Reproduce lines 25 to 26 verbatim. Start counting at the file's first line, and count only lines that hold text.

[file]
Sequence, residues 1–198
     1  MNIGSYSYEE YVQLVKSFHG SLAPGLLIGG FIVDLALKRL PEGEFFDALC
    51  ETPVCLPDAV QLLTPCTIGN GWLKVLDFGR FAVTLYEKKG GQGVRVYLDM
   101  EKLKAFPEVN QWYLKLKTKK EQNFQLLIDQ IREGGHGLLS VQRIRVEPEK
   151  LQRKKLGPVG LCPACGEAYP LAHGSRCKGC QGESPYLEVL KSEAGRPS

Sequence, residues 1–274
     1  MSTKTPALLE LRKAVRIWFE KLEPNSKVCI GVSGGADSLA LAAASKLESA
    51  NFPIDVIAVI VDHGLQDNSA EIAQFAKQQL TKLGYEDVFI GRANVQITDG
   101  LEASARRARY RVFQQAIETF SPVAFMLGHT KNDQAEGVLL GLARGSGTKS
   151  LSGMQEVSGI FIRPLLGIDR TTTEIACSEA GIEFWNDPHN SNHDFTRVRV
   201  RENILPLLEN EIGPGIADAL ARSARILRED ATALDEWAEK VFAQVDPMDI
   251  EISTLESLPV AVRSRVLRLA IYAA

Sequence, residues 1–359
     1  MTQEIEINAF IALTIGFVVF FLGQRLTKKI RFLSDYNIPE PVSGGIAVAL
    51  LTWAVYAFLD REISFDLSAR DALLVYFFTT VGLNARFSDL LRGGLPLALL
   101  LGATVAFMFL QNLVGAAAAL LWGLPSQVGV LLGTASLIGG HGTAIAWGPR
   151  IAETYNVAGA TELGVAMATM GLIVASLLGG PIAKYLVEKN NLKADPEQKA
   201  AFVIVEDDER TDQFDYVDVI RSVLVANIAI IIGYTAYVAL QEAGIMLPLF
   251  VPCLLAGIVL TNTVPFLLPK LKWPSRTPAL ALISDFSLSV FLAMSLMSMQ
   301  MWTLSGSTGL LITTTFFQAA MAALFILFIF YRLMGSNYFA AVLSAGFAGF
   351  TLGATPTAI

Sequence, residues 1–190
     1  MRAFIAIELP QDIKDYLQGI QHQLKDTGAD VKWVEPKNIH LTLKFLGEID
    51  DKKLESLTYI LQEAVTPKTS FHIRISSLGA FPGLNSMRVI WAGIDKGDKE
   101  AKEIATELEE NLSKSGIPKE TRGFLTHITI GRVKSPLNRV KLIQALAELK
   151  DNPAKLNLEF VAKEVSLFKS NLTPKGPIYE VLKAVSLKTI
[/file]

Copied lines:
   101  AKEIATELEE NLSKSGIPKE TRGFLTHITI GRVKSPLNRV KLIQALAELK
   151  DNPAKLNLEF VAKEVSLFKS NLTPKGPIYE VLKAVSLKTI